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3 Ways You Could be Unknowingly Wasting Ad Budget

Today’s ad platforms can have even the most experienced PPC marketers spending more than intended.

Campaign settings, rules and other factors change over time, which can have substantial impact on your campaigns. For example, starting October 4th, 2017 Google announced they could spend up to two times your daily budget. If you’d been sitting calm with $1,000/day budget, not wanting to spend a penny more, you could have been surprised.

There are many unpredictable reasons you can wind up with traffic or spend you didn’t plan for (and may not even know) — which is why it’s useful to consider intended vs. actual traffic.

Here’s what I mean:

  • Intended traffic: Is the traffic you planned on acquiring in your strategy as a result of the keywords, geographies, and networks you defined.
  • Actual traffic: Is traffic you actually get from your ad platforms, in spite of your strategy. Sometimes you’ll see traffic that was not intended due to campaign settings, mistakes or platform changes.

In short, the gap between intended and actual traffic is wasted ad budget. But, fortunately, you can identify and fix this to save money.

are you wasting ad budget?
Wasted budget is like wasting pizza, only worse. (via Giphy)

In this post I’ll cover three ways you might be wasting your PPC spend and how to ensure you’re both aware, and can turn things around with quick fixes.

Mistake 1. Accidentally spending on bad search terms

Wasted budget on the wrong keywords is fairly common. As Melissa Mackey of B2B agency Gyro sees often:

“advertisers [bid] on keywords that they shouldn’t be bidding on. For example, novice advertisers selling shoes try to bid on ‘shoes.’ Overly broad keywords eat up budget and do not perform well for the advertiser.”

But the bigger problem here is that some marketers believe that keywords and search terms are the same thing. The terms are commonly used interchangeably, but they’re very different. Here’s how I define each:

  • What’s a search term? This is the exact word or phrase a person uses on the search engine to find what they were looking for (how buyers search). See the “Search Term” column in the example below.
  • What is a keyword? This is the word you use to target search terms on paid search platforms (how marketers target buyers). See the “Keyword” column in the example below.

If you misunderstand or accidentally misapply keyword match types (broad, broad modified, phrase, exact match), you can have a gap between search terms and keywords causing you to spend unknowingly.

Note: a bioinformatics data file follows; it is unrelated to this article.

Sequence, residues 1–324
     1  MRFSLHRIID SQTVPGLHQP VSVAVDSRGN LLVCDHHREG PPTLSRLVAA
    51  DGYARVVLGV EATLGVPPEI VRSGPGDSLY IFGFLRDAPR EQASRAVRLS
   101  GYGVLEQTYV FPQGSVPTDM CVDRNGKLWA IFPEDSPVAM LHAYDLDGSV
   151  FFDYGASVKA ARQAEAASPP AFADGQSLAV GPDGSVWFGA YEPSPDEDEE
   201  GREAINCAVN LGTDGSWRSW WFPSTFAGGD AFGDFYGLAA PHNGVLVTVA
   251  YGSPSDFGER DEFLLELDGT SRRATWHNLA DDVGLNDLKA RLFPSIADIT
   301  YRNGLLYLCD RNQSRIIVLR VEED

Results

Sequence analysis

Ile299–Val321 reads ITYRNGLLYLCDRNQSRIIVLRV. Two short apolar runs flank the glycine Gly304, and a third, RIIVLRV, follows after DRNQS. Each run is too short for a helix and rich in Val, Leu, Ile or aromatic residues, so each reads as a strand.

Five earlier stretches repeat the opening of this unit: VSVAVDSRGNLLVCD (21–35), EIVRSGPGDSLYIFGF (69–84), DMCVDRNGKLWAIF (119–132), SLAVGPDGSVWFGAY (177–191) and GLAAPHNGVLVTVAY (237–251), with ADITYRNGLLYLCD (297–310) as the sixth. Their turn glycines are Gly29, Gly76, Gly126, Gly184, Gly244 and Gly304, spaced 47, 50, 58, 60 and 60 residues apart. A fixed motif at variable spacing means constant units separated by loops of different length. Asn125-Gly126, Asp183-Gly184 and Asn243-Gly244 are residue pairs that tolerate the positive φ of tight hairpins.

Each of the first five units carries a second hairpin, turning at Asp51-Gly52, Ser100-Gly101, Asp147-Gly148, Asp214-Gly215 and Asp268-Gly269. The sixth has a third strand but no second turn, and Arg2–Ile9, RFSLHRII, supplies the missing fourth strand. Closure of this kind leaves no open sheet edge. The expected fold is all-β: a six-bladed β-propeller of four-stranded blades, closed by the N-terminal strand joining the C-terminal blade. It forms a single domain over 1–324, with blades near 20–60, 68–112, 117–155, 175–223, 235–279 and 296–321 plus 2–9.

For example, a client in the continued medical education space was targeting medical professionals who need Pediatric Advanced Life Support (PALS) certification. Here’s what happened:

  • Intended traffic in this case included people searching ‘Pediatric Advanced Life Support’ or ‘PALS certification’.
  • Actual traffic ended up including Pediatric Advanced Life Support certification and PALS certification. However, because of poor keyword match types (and the acronym in this case), the company ended up with traffic from search terms such as “penpals online,” “free kids online pen pals,” and “senior pen pals.”

See the Search Terms Report as an example:

Click above to see larger image of how intended medical certification traffic turned into pen pals traffic (via SCUBE Marketing).

Traffic that attracted anyone looking for “pen pals” wasn’t intended, leading to wasted spend. The root cause of this was confusion over the difference between search terms, keywords, and their match types.

Action item: Take a closer look at search terms

To avoid this scenario yourself, run a Search Term report discussed above to identify which search terms (triggered by your keywords) are not relevant.

Then exclude irrelevant terms with negative keywords at ad group, campaign, or account level. From there, use keyword match types to better control your exclusions. For example:

  • Exact Match Negative to exclude just the exact term that was irrelevant. Example: -[penpals online]
  • Phrase Match Negative to exclude an irrelevant phrase pattern you noticed in your search terms. Example: -“penpals online”, which will exclude ‘California penpals online’, ‘penpals online’, and ‘penpals online for seniors’.
  • Broad Match Negative to exclude search terms containing irrelevant words. Example: -penpals, which will automatically exclude all search terms with penpals.

Once you’ve eliminated any obvious waste, reevaluate your keyword match type strategy. If you skip this step, you will continue to trigger lots of irrelevant search terms.